My trip to pick up semen collected from a bull earlier in the year led to an interesting talk with the A.I. technician about a niche market for buck semen to service deer farms.
While I was seated at the grill one August evening, my phone rang. It was a guy who lives about 30 miles away. In early June that year, he had stopped by to perform a service for me. He does fertility tests on bulls and also custom-collects semen from them for A.I. We had one bull checked and collected that day. Since it was time to breed my heifers that week, I needed the product this guy had collected back in June. He gets the job done, then he takes the semen back to his place to run it through the lab, package it and store it in his liquid nitrogen tanks.
Mr. Collector's real name is Max. When I talked to him a day or two after he was here in June, I couldn't quite figure out his accent. His name sounded Dutch, but his accent sounded a bit more Austrian.
Max had taken over the collection and fertility business of a guy who had retired. When I got to his place to pick up the product he was storing for me, a guy who looked like he'd just hit the beach after months of being in his windowless office was waiting on the front lawn. I got out of the truck and was greeted by the beach guy in his shorts and T-shirt. It was Max.
We got the nitrogen tank out of my truck and walked over to Max's camper. The first thing that caught my attention was the fact that Max was barefoot and didn’t break his pace as he walked across the gravel. It didn't bother him a bit, but it was making me cringe to watch. We entered the early-1970s camper to find a fairly nice laboratory and work station. Once we got all the product out of Max's tank and into mine, he handed me the paperwork and we headed back to my truck with the nitrogen tank. I grabbed both handles, thinking I'd haul it myself and spare him the walk on gravel. He wouldn't hear of it and took his half as soon as we got out the door of the camper.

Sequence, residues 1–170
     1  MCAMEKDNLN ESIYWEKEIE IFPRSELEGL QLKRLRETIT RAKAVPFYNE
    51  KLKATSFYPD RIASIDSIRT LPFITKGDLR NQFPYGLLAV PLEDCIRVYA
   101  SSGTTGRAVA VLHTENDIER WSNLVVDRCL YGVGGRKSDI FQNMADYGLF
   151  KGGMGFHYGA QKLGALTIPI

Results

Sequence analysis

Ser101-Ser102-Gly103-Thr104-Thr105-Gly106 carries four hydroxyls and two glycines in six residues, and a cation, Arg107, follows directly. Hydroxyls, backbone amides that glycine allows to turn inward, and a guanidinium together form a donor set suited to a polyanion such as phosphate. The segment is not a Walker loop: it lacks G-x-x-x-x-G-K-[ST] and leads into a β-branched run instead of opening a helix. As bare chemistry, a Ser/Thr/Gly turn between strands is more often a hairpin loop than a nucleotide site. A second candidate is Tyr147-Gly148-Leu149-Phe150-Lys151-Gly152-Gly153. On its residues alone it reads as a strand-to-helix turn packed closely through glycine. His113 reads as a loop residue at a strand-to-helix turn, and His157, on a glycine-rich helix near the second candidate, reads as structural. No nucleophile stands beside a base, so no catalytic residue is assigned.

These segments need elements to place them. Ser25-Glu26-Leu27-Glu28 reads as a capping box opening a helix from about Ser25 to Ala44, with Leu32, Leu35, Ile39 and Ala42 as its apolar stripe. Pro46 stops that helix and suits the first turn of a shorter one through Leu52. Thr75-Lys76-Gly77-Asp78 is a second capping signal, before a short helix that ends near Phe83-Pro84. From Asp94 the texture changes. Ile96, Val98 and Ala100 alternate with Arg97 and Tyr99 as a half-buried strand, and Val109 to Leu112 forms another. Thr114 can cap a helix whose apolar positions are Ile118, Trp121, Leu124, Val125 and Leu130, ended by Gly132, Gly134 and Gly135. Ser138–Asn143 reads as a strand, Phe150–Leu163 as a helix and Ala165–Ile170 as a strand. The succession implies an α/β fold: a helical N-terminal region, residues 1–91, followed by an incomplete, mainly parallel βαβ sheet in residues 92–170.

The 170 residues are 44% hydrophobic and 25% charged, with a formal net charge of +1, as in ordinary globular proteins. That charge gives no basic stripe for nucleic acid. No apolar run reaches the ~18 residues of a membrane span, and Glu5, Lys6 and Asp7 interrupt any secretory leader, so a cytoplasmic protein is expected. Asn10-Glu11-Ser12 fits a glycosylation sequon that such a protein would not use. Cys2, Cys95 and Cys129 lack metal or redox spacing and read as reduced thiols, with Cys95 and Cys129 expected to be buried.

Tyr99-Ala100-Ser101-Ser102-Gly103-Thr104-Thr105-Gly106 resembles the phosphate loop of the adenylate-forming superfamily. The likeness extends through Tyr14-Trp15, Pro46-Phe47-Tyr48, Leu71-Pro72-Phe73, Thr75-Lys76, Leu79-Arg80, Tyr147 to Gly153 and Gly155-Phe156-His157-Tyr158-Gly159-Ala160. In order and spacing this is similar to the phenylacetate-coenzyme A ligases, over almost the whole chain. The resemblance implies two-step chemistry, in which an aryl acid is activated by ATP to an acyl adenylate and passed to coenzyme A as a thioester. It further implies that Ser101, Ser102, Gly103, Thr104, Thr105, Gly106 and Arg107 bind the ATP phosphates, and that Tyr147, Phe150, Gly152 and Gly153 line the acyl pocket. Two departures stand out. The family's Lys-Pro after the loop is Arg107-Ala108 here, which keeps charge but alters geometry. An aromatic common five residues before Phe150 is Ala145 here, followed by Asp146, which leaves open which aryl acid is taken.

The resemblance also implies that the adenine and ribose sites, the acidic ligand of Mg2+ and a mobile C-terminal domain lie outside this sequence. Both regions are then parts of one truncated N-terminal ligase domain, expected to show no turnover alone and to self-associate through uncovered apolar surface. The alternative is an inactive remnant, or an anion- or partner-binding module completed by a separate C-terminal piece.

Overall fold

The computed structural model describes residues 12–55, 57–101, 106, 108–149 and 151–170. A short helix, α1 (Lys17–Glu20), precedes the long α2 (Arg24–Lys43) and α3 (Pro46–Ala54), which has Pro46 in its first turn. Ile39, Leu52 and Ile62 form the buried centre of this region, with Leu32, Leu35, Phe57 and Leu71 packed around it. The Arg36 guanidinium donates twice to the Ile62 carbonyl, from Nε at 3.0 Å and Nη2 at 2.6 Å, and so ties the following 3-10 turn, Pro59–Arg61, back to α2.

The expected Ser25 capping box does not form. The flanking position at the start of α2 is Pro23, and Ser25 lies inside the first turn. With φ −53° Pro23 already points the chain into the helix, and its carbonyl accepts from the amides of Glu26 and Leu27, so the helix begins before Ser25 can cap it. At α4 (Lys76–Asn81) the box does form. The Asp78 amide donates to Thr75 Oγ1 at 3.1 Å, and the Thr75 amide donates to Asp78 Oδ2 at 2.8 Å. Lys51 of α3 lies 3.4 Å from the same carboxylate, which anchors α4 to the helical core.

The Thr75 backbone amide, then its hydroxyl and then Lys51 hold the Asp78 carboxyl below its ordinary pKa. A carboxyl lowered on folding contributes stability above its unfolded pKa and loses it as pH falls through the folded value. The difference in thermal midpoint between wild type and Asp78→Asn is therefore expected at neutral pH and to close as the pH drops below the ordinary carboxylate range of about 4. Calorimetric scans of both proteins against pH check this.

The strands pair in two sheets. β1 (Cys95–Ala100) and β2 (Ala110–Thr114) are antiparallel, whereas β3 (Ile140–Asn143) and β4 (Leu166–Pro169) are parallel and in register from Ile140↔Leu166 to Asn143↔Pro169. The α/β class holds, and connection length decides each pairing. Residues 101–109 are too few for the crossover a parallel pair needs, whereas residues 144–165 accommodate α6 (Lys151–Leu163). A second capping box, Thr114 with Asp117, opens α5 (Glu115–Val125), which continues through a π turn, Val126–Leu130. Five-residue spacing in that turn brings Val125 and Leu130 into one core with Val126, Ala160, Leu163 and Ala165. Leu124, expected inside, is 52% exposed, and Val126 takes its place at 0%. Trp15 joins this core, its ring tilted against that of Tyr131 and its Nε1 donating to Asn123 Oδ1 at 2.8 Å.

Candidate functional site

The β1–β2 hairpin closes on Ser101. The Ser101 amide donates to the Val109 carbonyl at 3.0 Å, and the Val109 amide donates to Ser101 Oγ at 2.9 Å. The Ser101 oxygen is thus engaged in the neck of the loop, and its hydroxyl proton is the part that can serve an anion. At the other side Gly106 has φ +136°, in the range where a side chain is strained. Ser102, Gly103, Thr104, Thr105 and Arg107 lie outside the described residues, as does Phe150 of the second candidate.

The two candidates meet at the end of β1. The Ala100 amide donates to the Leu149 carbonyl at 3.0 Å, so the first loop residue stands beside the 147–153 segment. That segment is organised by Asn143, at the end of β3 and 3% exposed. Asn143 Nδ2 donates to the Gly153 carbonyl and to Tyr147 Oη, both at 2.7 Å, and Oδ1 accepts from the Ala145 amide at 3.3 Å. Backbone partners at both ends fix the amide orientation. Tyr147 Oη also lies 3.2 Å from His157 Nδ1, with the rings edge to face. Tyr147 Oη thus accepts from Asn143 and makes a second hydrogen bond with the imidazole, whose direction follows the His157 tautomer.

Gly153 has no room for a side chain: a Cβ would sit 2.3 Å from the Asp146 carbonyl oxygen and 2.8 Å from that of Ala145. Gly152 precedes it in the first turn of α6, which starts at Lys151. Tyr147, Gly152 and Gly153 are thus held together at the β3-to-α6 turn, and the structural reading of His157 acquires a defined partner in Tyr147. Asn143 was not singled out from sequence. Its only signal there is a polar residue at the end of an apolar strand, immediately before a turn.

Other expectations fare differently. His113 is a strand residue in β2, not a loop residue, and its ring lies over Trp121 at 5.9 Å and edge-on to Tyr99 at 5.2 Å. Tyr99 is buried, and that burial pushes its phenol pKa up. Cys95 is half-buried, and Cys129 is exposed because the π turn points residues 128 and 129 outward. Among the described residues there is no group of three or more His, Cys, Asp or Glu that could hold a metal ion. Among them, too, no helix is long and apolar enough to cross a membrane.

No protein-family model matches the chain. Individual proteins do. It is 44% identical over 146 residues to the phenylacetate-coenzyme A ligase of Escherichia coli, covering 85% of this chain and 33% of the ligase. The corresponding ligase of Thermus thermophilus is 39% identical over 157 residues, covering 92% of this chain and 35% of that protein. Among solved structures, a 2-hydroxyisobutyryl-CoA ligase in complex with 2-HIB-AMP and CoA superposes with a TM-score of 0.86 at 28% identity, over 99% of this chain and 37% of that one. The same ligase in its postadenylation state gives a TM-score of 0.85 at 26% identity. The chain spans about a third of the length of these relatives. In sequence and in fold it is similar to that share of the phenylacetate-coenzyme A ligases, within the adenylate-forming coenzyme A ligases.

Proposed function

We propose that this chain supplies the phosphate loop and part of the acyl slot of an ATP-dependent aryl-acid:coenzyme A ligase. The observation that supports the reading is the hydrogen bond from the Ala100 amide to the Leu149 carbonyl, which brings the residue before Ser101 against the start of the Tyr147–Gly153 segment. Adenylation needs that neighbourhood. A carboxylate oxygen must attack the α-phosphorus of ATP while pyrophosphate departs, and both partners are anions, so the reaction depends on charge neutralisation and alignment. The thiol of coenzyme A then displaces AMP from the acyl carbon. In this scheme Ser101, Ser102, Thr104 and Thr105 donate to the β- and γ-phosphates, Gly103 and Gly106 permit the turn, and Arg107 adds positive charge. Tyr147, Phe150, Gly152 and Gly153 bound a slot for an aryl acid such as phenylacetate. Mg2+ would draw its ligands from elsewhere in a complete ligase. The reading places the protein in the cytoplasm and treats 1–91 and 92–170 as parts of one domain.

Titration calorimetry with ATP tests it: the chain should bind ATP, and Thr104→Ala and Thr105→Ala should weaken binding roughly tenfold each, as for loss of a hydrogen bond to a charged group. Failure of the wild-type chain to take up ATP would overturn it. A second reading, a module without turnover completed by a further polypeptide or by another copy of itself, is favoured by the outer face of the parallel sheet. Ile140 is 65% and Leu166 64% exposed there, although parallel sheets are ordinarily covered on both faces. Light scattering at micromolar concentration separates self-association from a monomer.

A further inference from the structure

Once we got my tank in my truck and secured it, I grabbed a checkbook to pay Max. That's when the conversation really got going. Max mentioned something about "since I came here a few years ago." Then he said something about the six-and-a-half years he'd been in this country. Turns out he came to America from South Africa.
I began to ask a few questions. The bull fertility and collection business is extremely seasonal. The action starts in about February and pretty well winds up by the first part of June or late May. When that's over, Max said he "moves to exotics."
I was a little confused, which must have been obvious.
"Deer. I work with deer. I do A.I. on them and I semen-collect a lot of bucks."
The conversation quickly turned to a point where it was easy to mix up male deer and dollars for "bucks." Max could tell I was interested, so he talked freely with more spark as he went along.
It seems there's a pretty good market for the services of a guy like Max. Let's say you're a rich dude with a captive deer ranch. You're either selling breeding stock or you're letting other rich dudes come to your place (with the super-high fence) to pay you large sums to be able to hunt deer. If they're paying, they don't want some dinky deer. They want a whopper they can brag about to all their friends and make it sound like they were practically Davey Crocket and killed it with their bare hands – rather than the reality of shooting it with a high-powered assault weapon, from the comfort of a La-Z-Boy, inside a climate-controlled tree stand with cable, wireless Internet and its own espresso machine.